Hawai‘i is the ideal location for both graduate and undergraduate students to study the War in the Pacific in detail.
At Hawai‘i Pacific University, participants learn how the United States mobilized to match and surpass the Japanese Navy, and how it adapted to the challenges of a war unlike any in history. The War in the Pacific was a challenge of distance, logistics, courage, and tenacity. From the moment Pearl Harbor was attacked, breaking the grip of the Japanese Empire over water, on islands, and in China seemed impossible. Over the course of four years, the United States moved, island by island, toward Japan. Each island presented new geographic challenges, and the Japanese forces adapted with each amphibious landing. Islands only a few miles long became savage battlefields with well-hidden defenders in caves and jungles.
Elsewhere on the island of Oahu, students will visit the USS Arizona Memorial and honor the men who lost their lives in the sneak attack on Pearl Harbor, and then view the aircraft used by the United States to strike back at the Pacific Aviation Museum. On the submarine USS Bowfin, an actual WWII submarine known as the "Pearl Harbor Avenger," learn what it was like for the submariners during the war. Over six credit hours, explore the intricacies of carrier warfare, relive the experiences of amphibious invasions, learn from some of the top military historians and Defense POW/MIA Accounting Agency (DPAA) staff, and meet with eyewitnesses to the attack.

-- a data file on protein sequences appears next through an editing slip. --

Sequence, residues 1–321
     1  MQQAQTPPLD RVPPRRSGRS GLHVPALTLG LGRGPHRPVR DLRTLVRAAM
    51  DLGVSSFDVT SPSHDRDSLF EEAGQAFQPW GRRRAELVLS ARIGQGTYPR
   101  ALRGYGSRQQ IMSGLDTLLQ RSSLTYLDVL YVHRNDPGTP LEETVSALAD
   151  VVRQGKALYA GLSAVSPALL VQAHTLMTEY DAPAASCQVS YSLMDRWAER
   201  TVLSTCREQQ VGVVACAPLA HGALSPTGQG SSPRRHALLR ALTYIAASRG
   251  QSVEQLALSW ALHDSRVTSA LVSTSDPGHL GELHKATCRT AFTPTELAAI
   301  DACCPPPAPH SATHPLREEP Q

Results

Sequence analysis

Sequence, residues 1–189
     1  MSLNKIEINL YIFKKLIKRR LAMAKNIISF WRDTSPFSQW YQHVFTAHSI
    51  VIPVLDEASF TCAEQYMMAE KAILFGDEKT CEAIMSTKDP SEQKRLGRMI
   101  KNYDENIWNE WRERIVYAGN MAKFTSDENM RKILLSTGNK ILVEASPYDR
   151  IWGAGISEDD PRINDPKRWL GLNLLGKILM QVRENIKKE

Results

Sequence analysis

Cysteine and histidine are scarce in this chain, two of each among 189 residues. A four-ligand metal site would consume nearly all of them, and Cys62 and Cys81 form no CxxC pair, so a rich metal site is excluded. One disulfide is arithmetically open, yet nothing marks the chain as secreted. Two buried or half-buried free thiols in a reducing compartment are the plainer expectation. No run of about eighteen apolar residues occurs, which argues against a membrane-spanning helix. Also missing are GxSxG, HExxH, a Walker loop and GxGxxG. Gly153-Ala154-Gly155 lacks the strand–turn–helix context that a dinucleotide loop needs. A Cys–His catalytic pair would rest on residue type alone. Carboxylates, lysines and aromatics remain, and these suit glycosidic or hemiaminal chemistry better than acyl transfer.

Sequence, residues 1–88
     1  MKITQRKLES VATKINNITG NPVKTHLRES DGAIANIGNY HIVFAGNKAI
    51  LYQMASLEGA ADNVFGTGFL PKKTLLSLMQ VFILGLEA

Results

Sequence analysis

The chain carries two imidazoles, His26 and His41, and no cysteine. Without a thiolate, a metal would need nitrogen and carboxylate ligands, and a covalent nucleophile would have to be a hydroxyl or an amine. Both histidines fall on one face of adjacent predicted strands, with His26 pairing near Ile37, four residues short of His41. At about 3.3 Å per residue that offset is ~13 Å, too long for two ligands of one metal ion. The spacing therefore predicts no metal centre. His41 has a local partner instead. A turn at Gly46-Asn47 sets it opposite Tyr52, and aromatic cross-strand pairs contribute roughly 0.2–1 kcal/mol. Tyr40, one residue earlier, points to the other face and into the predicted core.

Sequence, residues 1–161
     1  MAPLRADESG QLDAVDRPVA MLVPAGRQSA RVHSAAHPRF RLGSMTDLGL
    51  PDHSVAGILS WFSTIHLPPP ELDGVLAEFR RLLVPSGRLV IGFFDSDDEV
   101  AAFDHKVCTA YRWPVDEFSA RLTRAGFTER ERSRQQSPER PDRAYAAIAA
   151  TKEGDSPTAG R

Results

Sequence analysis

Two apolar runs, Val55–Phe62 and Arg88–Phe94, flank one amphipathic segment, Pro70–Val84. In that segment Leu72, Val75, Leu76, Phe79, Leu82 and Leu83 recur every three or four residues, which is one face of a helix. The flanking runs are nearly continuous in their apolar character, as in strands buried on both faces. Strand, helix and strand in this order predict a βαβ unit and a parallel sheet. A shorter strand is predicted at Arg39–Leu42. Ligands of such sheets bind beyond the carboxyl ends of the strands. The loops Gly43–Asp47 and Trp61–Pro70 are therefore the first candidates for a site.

The courses for this program are exclusive to Pacific Academy and are offered only through The National WWII Museum.
World War II in the Asia-Pacific Region
Allan Millett HIST 4961-A/HIST 6628-A
This seminar examines the course of World War II and its consequences, beginning with Japanese expansionism in Asia and the impact of the attack on Pearl Harbor. Throughout the four-week program, students will consider the myriad ways in which this conflict shaped the contemporary Asia-Pacific region.
Special Topics: Military History of Hawaii
Brenden Bliss HIST 3668-A/HIST 6998-A
F 10:00-4:00 (excursion)